05/07/2014 - In One Year, New Orleans Reduced Veteran Homelessness by 43%, Chronic Homelessness by 30%
By Robert Pulster, USICH Regional Coordinator
Community, City, State, and Federal partners gathered in New Orleans last week to announce the results of the City’s 2014 Point-in-time count. The results are staggering. Over the course of just one year, New Orleans reduced homelessness among Veterans by 43 percent and chronic homelessness by 30 percent. In one year, New Orleans reduced unsheltered homelessness by 21 percent, 85 percent since 2011.
Since 2007, New Orleans has reduced overall homelessness by 83 percent, showing steady annual decreases since 2009. The number of people experiencing homelessness in New Orleans is now three percent below what it was before Hurricane Katrina in 2005.
This is a stunning achievement.
“We have reached a long-sought milestone, said Martha Kegel, the Executive Director of UNITY, the Continuum of Care lead agency. “For the first time since Hurricane Katrina caused soaring homelessness in New Orleans nearly nine years ago, the hard work of nonprofit and government partners have helped bring the number of people in New Orleans who are suffering in homelessness below what it was before Katrina.”
As USICH’s Regional Coordinator for New Orleans, I have witnessed firsthand the impact that strong collaboration among community, City, State, and Federal partners has had on the effort to end homelessness in New Orleans. In 2011, Mayor Mitch Landrieu made ending homelessness a priority. Under his leadership, the City released a plan to end homelessness and created the New Orleans Interagency Council on Homelessness, which is jointly chaired by the City and the Director of the Southeast Louisiana Veterans Health Care System.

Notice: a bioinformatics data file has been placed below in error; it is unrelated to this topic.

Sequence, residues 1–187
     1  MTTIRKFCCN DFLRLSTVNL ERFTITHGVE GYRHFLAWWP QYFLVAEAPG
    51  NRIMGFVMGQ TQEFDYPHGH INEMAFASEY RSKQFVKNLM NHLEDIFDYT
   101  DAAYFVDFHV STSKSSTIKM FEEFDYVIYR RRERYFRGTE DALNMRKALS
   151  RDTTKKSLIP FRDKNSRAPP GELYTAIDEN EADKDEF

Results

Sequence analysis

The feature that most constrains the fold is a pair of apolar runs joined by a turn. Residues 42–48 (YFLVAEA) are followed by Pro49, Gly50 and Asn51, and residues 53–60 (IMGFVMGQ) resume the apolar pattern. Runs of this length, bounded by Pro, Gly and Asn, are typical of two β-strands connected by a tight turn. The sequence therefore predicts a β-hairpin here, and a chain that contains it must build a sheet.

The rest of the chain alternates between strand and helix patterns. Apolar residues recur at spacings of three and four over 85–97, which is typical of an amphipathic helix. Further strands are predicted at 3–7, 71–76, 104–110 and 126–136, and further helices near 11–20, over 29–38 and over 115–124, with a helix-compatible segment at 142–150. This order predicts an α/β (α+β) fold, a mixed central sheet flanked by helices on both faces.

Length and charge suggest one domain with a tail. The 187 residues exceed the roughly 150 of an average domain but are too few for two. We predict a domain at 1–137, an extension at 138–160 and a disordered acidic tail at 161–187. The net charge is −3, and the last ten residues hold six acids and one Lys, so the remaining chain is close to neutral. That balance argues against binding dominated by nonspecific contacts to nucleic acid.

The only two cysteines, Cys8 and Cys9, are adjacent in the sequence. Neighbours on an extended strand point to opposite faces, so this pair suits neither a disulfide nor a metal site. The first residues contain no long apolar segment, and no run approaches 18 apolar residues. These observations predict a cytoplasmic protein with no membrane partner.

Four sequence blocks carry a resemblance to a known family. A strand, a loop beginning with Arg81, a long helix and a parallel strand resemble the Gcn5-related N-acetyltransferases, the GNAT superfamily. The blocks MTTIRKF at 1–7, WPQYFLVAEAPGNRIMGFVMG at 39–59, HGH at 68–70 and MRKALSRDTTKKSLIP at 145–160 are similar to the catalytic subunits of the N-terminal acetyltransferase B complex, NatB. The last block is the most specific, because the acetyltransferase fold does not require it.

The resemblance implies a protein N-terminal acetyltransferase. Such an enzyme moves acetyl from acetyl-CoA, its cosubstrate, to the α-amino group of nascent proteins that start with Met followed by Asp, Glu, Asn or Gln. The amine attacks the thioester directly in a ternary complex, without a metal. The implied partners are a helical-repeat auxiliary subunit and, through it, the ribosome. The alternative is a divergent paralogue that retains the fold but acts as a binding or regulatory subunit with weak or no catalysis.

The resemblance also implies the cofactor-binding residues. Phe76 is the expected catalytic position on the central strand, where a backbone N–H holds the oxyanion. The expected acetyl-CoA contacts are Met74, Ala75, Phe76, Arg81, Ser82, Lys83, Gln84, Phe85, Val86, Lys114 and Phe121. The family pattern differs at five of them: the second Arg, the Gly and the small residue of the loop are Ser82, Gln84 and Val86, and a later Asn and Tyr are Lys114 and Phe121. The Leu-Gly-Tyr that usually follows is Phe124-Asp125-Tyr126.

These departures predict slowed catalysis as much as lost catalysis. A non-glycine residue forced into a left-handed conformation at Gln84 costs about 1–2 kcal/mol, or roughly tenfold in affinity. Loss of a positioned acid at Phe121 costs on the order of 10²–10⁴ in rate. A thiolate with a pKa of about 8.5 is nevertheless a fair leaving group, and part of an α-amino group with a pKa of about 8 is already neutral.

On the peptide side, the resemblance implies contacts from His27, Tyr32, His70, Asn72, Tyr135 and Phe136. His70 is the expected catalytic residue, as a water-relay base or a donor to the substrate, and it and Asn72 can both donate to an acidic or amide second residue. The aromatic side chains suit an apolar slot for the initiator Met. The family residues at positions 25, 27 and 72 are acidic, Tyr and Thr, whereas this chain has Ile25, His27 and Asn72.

The collaborative effort continued to build momentum through Dedicating Opportunities to End Homelessness (DOEH), a 10 city initiative supported by HUD and its leadership at the New Orleans Field Office. DOEH brought new partners and new energy to the cause, particularly the Louisiana Housing Corporation and three local Housing Authorities: New Orleans, Kenner, and Jefferson Parish.
Moreover, UNITY and other community partners, working with the Community Solutions 100,000 Homes Campaign, took an active involvement in the national convening of Rapid Results Boot Camps. This engagement led to a concentrated citywide effort to successfully connect over 500 individuals with stable housing in six-months.
The effort in New Orleans was also supported through a statewide Policy Academy on Chronic Homelessness sponsored by the Substance Abuse and Mental Health Services Administration (SAMSHA).
At the announcement on May 1, UNITY Executive Director Martha Kegel highlighted that the HUD DOEH initiative together with the 100,000 Homes Campaign, the Mayor's Interagency Council, and the state Policy Academy on Chronic Homelessness have all played important roles in New Orleans’ success.
New Orleans Mayor Mitch Landrieu said, "Together with UNITY of Greater New Orleans and the 63 partner agencies and service providers that make up the Continuum of Care, we are connecting homeless individuals and families with the essential services they need to put them back on the path towards stable, permanent housing and prosperity. Through our combined efforts, we have reduced homelessness in New Orleans to pre-Katrina levels, a significant achievement that gives us momentum as we continue this work into the future."
“With nearly 2000 people lacking a home on a single night, and nearly a quarter of them chronically homeless, we still have a long way to go,” said Kegel. “But the tremendous progress we have made in reducing homelessness by 83 percent since 2007 gives us confidence that the methods we are using are effective."
New Orleans can end both Veteran and chronic homelessness by 2015. The city is demonstrating that strong collaborations among City, State, and Federal partners and a focused effort on using data to drive results is making all the difference.